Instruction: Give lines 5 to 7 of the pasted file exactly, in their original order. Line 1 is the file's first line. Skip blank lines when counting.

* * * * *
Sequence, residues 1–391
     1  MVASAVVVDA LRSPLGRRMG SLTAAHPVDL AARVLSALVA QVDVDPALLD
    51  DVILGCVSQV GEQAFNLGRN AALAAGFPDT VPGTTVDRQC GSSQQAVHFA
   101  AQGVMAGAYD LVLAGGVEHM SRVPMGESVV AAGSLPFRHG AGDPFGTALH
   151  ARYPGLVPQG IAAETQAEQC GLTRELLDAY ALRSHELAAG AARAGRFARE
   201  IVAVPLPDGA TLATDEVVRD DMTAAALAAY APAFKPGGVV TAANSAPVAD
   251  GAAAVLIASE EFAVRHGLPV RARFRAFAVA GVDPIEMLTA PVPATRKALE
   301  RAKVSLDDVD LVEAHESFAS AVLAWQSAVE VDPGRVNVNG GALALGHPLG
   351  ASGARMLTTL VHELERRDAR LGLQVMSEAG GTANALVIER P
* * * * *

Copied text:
   151  ARYPGLVPQG IAAETQAEQC GLTRELLDAY ALRSHELAAG AARAGRFARE
   201  IVAVPLPDGA TLATDEVVRD DMTAAALAAY APAFKPGGVV TAANSAPVAD
   251  GAAAVLIASE EFAVRHGLPV RARFRAFAVA GVDPIEMLTA PVPATRKALE